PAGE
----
The Minnesota Senate is grinding through hour after hour of debate on sweeping changes to the state's health insurance system.

“This is a gargantuan undertaking,” Gov. Mark Dayton said Thursday, legislation that will create the new Minnesota Health Insurance Exchange headed to the Senate floor. “I’m mindful that the expectations are very high so people will probably be disappointed.”

The exchange is expected to be a user-friendly online marketplace where an estimated 1.3 million Minnesotans and small businesses will be able to shop for health insurance, starting next year.

“We have a bill that will work for industry in Minnesota and also importantly will work for consumers in the state of Minnesota,” said Sen. Tony Lourey, DFL-Kerrick, who has shepherded the exchange bill through nine committees and 27 hours of debate over the past two months.

The exchange, Lourey said, will have a “profound impact” on Minnesota’s economy. Not only will 300,000 uninsured Minnesotans have access to health coverage, he said, the state’s health care providers will no longer have to shoulder $150 million in uncompensated costs from treating people without health insurance.

For opponents, the expectations are more dire. Opponents see the exchange as an expensive, intrusive government overreach into private health decisions. Critics worry about how the exchange will safeguard consumer privacy; about how its $60 million annual budget will be financed; and about the power its seven-member board will have to include or exclude health plans from the online marketplace.

“I’m very concerned,” said Sen. Julie Rosen, R-Fairmont, who made the first attempt to amend the bill. “We are creating the most powerful board in the state of Minnesota and if we don’t have measures to keep them accountable going forward, we will be back.”

By next year, health insurance will be mandatory in this country, and these state-based exchanges are a cornerstone of the federal Affordable Care Act healthcare reforms. Minnesota has until the end of this month to set up its own exchange, or use one developed by, and run out of, Washington, D.C. The Minnesota House passed its exchange bill Monday.

But before the Senate can vote on the bill, it has to deal with a stack of more than 150 amendments, many of which are authored by Republicans staunchly opposed to the exchange.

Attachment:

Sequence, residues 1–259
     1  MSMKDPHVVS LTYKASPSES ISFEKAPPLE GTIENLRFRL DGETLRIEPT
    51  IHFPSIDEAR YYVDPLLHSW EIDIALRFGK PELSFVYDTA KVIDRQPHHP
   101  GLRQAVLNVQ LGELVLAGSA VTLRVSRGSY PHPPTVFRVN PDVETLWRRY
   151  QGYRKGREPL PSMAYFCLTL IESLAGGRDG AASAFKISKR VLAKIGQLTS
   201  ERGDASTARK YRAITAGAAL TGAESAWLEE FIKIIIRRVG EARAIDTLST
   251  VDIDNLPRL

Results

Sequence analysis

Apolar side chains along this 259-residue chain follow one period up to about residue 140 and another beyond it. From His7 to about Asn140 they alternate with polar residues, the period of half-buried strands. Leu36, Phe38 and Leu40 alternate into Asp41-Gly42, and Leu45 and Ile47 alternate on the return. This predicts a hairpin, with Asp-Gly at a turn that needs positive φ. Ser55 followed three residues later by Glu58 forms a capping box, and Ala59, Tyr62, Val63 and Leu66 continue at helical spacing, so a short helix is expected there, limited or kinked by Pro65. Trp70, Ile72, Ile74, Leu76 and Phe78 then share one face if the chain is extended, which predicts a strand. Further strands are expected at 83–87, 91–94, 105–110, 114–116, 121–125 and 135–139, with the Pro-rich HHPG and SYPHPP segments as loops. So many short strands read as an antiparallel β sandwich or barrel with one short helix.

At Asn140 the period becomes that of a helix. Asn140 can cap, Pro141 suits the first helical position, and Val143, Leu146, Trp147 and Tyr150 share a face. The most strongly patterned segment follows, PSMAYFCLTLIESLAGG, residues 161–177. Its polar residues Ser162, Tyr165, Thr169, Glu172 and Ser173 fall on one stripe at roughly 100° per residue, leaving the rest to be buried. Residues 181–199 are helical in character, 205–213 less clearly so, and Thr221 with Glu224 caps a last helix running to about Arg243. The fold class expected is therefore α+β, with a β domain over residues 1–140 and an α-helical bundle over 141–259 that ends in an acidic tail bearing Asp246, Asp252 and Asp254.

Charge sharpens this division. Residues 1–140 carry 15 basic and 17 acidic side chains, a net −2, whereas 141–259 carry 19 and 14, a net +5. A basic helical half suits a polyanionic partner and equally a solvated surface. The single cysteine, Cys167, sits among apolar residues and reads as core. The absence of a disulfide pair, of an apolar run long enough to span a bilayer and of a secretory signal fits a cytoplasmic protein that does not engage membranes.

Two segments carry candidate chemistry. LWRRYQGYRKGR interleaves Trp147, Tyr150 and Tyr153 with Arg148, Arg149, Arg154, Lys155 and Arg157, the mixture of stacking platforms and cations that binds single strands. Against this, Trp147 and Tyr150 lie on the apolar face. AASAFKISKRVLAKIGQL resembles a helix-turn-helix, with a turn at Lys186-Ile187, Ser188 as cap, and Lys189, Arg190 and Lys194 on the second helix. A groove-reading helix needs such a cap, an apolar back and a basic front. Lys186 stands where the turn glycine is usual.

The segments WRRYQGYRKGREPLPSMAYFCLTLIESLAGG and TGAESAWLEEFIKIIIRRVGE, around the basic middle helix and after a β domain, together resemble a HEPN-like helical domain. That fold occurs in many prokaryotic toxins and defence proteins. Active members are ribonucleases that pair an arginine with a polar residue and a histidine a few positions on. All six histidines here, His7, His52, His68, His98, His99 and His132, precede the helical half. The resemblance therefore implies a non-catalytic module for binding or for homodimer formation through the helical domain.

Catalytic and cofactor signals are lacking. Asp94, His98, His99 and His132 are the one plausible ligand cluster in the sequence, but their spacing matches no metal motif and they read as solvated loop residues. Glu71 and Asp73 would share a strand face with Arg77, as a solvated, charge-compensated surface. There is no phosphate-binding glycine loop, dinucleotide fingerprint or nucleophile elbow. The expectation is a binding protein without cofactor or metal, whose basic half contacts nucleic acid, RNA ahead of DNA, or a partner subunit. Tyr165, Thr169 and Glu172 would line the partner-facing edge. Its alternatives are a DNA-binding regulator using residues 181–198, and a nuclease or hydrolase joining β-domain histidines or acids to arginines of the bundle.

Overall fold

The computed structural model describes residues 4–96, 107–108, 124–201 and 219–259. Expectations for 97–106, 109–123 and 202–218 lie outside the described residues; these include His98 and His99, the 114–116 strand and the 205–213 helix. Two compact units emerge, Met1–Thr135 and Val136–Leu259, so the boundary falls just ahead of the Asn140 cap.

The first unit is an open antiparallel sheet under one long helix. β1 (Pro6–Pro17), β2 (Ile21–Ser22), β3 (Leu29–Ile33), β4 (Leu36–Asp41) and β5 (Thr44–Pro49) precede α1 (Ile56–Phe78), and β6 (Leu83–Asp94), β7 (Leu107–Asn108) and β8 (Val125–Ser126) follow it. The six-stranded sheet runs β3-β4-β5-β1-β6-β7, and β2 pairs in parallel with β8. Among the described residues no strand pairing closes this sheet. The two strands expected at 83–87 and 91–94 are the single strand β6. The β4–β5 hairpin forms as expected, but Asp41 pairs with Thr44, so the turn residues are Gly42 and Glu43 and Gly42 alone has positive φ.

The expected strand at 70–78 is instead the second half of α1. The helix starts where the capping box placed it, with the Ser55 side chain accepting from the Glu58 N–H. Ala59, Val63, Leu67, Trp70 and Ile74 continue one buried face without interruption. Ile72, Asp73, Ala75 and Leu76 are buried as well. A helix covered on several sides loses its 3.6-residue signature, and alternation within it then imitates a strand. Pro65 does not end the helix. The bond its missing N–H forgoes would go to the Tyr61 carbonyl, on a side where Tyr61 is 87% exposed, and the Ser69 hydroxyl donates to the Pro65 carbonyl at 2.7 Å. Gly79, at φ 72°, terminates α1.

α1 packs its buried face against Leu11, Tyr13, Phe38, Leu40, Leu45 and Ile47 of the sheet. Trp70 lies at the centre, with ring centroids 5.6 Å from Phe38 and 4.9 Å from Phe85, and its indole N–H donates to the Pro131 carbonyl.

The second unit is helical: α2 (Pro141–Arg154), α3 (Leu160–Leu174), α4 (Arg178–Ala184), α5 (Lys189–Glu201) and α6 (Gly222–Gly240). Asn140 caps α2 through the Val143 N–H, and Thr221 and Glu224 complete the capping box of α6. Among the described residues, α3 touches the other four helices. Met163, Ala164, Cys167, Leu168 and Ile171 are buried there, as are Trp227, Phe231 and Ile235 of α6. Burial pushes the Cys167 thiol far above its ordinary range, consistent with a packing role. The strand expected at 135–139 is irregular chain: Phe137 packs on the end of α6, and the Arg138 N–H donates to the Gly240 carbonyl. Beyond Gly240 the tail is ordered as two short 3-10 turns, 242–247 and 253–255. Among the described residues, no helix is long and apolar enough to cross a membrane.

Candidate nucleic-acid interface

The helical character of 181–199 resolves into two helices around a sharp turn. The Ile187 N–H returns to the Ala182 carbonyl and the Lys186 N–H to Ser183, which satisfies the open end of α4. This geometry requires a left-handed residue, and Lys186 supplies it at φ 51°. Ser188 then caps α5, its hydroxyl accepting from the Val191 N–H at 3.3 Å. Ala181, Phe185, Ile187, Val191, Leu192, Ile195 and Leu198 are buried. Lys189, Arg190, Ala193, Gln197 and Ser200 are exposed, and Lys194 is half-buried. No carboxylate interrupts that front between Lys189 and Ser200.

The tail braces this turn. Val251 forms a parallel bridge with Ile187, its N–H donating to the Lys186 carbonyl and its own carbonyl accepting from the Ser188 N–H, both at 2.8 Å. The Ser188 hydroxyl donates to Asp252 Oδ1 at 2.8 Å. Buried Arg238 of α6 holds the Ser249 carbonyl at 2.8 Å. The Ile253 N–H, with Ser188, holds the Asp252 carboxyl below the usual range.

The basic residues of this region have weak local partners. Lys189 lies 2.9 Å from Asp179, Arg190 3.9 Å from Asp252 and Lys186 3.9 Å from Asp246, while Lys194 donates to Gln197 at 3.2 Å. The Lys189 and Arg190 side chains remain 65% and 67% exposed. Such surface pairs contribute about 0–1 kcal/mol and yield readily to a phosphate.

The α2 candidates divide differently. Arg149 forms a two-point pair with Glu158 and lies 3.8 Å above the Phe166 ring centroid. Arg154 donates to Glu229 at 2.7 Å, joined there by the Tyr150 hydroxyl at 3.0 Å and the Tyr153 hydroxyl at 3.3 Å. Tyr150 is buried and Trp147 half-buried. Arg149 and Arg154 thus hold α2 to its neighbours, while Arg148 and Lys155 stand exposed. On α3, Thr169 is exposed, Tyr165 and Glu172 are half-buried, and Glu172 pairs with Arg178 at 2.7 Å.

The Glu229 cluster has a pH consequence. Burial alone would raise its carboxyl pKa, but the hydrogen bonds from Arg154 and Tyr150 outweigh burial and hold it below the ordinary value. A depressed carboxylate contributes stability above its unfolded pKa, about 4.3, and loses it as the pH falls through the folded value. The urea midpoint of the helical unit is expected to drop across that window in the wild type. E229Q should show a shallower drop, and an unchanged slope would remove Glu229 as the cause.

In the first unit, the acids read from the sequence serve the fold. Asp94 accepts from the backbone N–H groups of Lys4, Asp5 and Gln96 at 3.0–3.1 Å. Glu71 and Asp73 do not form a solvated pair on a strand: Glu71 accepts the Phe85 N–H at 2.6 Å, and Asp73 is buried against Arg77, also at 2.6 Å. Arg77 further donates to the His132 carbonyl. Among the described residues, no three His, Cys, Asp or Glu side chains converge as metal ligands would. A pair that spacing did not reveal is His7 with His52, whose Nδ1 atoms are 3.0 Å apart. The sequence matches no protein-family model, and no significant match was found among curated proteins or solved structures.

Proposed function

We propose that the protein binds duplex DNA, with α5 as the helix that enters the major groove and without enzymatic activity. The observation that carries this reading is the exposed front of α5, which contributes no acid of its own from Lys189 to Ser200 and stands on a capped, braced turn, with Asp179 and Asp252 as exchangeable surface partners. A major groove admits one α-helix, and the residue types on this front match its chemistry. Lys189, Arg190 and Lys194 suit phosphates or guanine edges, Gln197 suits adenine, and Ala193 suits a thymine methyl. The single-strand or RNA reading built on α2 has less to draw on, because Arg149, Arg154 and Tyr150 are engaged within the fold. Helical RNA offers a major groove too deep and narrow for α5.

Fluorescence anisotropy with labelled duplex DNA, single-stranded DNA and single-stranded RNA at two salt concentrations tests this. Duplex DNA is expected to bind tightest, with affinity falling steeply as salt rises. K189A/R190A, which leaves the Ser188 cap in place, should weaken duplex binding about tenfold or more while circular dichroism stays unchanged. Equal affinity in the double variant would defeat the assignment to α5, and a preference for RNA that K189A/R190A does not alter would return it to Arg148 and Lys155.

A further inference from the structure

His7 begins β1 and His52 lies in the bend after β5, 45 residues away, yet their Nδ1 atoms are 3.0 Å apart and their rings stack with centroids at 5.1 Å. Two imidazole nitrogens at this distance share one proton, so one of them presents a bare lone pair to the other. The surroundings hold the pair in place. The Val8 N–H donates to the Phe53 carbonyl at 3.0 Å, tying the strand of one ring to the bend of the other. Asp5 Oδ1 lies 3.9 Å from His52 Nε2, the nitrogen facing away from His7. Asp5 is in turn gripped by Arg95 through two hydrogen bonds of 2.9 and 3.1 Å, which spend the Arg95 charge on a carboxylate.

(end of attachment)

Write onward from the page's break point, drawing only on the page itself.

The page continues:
“Everybody is jockeying for position so everybody is promising catastrophe if they don’t get this or get that,” Dayton said. “There are going to be some glitches initially and it will take some time to iron that out.”

The state has already spent millions, mostly subsidized by federal grants, to set up the technology infrastructure for the system. If it works as plan, consumers will be able to log on and choose among health plans the way they can currently shop online for plane fares and hotel rates.

Even if the Legislature rejected the exchange bill, Minnesotans would still get a health exchange next year – just not one of its own design, Dayton said.

“We had two choices. One is to set up this health exchange ourselves and employ the best minds we could find in Minnesota, which is a lot,” he said. “Or let the federal government (create a) one-size-fits-all… We decided early on that we’d be better if Minnesota decided its own plan."

Minnesota’s private health insurers have been working in the dark for much of the past year as they try to develop new benefit plans to sell on the exchange.

The plans are barreling toward their own May 17 deadline to submit their premium rates to the Commerce Department for review.

In February, the federal government provided more clarity over the basic benefits each plan will need to offer to be compliant with the Affordable Care Act, including such elements as mental health coverage and free preventive care, which helped ease some of the uncertainty.

But until the Legislature hammers out more details, the plans remain somewhat in a wait-and-see mode.

“We’re closely monitoring legislative activity,” Andrea Walsh, chief marketing officer at HealthPartners, said of working amid the uncertainty. “We frankly know there will be very tight timelines to be ready.”

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